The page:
TAKEAWAY:  If a sexual harassment complaint is filed, act. Don’t wait. Contact your employment attorney now.  

The post on Wednesday 7/23/14 was about sexual discrimination and settlements: how NOT to act at work. SunTrust bank (yep, that large employer), is paying $300,000 (and other relief) to settle a sexual harassment suit brought by the EEOC. What were some of the alleged acts by SunTrust’s branch manager? That he repeatedly trapped a female behind the teller counter with his body, told a woman she should wear a bathing suit to work, and regularly staring at women’s breasts. More of the alleged actions are in the post. And if that weren’t bad enough, apparently the employee’s complaints were ignored and after the branch manager quit when the investigation began, SunTrust rehired him!

TAKEAWAY:  While it makes good fodder for law school classes, this type of thing should not happen in the real world. Employers should make sure no harassment occurs in the place of employment and when a complaint comes in, it should be investigated immediately.

On Thursday 7/24/14 the post was off the normal topics and about how scuba diving is a good workout for your body. How, you ask. It provides head-to-toe toning, has crazy calorie burns, helps with better breathing (which can increase lung capacity and decrease the risk of lung disease), slashes stress (under water + endorphins + deep breathing + pretty fish = aaaaahhhh!), and leads to higher self-esteem (yes, you can handle whatever comes at you on the surface as well as under water!).

TAKEAWAY: Help yourself stay refreshed and ready to work by keeping your body and mind fresh – one way is to scuba dive.

Friday 7/25/14 the post was about nose rings, hair color, beards, and head scarves – all things that can get an employer in trouble. What do they all have in common? They appear in dress or grooming standards or policies. An employer can tell its employees how to dress for work (including grooming), right? Well, maybe. Religious beliefs can trump those dress or grooming standards. So too race can come into the picture, usually relative to hairstyles.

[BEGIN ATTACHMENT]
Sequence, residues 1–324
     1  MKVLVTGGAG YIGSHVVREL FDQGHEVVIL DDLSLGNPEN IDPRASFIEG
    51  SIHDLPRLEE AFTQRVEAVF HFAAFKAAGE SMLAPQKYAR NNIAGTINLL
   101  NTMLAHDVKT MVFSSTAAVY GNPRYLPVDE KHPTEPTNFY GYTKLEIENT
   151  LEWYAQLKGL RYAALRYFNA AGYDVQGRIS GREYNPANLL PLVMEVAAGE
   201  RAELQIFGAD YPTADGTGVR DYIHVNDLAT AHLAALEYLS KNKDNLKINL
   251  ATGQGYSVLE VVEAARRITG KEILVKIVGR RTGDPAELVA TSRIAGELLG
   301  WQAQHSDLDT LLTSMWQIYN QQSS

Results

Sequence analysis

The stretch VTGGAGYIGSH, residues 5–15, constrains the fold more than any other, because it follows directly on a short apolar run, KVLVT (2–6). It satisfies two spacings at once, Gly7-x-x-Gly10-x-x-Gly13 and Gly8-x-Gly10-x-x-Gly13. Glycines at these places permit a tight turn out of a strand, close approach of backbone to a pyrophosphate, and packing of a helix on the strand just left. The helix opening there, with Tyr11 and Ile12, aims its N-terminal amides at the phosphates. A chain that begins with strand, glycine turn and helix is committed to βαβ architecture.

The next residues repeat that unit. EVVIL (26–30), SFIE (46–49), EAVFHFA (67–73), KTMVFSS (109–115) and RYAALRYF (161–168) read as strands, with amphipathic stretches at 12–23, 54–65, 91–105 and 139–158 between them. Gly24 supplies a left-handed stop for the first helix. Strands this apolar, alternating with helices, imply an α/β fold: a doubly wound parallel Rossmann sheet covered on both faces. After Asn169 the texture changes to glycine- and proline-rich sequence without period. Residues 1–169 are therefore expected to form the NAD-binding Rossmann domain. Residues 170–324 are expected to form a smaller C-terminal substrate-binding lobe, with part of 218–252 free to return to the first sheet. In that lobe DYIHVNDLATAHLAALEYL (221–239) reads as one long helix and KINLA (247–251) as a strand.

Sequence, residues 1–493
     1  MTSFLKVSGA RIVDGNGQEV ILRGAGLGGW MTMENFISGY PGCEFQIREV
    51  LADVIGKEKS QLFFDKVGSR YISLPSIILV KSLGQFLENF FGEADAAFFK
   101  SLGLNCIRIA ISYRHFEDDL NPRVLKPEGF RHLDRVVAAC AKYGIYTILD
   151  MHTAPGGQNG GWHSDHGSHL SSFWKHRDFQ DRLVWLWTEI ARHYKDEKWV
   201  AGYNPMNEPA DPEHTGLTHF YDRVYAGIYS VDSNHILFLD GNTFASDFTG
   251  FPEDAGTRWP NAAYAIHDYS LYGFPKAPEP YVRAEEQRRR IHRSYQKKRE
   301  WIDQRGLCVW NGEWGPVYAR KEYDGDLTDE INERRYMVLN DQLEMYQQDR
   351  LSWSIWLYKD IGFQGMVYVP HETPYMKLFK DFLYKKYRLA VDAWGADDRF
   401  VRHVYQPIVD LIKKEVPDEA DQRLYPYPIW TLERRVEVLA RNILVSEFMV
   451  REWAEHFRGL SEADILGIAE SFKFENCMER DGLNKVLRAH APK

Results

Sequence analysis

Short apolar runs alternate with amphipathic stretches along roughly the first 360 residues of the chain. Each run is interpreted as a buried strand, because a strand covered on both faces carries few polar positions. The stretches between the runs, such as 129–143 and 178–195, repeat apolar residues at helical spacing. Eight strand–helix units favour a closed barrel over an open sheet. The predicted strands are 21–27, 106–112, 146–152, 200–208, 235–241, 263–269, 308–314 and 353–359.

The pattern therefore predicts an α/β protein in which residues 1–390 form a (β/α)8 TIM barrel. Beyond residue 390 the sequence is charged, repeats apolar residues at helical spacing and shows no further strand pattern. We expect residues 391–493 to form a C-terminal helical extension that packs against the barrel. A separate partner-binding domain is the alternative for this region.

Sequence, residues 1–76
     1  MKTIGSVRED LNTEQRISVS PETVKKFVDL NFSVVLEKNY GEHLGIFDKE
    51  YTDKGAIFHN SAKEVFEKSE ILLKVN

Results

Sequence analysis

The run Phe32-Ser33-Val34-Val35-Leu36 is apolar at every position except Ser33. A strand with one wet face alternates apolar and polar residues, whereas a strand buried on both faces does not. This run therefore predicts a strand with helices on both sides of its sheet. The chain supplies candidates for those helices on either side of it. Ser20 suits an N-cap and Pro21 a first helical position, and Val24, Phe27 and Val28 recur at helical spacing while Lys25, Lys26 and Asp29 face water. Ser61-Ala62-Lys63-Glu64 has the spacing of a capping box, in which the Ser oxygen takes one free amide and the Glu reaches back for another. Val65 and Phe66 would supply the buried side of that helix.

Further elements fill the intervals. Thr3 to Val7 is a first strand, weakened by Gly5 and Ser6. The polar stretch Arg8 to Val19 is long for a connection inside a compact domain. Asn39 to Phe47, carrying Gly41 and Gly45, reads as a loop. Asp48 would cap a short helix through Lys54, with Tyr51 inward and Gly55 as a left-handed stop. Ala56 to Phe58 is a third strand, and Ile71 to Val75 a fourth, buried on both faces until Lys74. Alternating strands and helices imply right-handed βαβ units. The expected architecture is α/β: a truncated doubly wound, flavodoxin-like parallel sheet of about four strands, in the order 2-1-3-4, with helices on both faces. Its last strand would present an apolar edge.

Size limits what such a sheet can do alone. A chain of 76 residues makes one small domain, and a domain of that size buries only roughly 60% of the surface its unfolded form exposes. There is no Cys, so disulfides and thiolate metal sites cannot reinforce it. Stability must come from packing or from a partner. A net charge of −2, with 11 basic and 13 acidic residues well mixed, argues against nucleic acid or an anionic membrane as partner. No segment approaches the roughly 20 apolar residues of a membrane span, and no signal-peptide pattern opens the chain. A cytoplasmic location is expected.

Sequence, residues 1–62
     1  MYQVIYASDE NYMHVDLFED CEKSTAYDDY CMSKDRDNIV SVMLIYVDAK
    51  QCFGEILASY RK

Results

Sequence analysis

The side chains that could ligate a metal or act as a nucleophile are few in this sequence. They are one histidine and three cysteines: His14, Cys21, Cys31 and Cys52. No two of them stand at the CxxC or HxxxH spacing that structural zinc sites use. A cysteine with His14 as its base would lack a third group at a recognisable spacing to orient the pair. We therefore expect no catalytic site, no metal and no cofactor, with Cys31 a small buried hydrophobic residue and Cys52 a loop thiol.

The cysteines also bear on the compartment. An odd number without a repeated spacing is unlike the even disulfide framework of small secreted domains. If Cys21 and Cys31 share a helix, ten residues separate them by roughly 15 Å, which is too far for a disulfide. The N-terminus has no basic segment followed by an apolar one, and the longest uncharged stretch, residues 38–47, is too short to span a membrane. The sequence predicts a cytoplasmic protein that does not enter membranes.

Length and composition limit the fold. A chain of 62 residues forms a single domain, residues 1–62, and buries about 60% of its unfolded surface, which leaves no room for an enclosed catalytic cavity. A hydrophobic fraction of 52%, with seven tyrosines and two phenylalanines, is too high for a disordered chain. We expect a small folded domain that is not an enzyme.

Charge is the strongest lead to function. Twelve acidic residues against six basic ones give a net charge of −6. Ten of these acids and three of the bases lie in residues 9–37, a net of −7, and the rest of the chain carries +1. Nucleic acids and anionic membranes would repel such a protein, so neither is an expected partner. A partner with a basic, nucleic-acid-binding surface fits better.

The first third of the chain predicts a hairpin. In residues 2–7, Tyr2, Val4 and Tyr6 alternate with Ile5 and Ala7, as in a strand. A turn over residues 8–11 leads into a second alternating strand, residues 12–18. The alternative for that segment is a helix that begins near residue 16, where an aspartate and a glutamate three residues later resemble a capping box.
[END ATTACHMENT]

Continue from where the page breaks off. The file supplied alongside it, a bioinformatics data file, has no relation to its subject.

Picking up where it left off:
TAKEAWAY:  As in most other areas, an employee can dictate how it wants its employees to dress or look, but must be prepared to accommodate religious beliefs or racial differences.

Finally, yesterday 7/26/14 the post touched on 7 laws every employer should know about. Do you? What are a few of them? Title VII, Fair Labor Standards Act (FLSA), Americans with Disabilities Act (ADA), and Family and Medical Leave Act (FMLA). The others are listed in the post. And not only should you know about them, you should have a general understanding of what they require of the employer and what rights they provide to employees (or others).

TAKEAWAY: Ignorance is no excuse when it comes to (potential) violations of employment laws. Know which obligations and rights are covered by each law and whether it applies to your business. Also, keep your employment attorney on speed dial to ensure legal compliance.


ICYMI: Our Social Media Posts This Week -- July 13 - 19, 2014

Below is a review of the posts (on Facebook, LinkedIn, and Twitter) from the past week.  You can check out the full posts by clicking on the links.

To start the week, the post on Sunday 7/13/14 was a reminder that the ADA requires AN accommodation, not necessarily the employee-requested one. It is good to get input from the employee on what s/he might want as an accommodation, but that is not the end of the process.

TAKEAWAY: The employer remains in charge, even in determining what accommodation it will provide (or that to provide one would be an undue hardship under the law).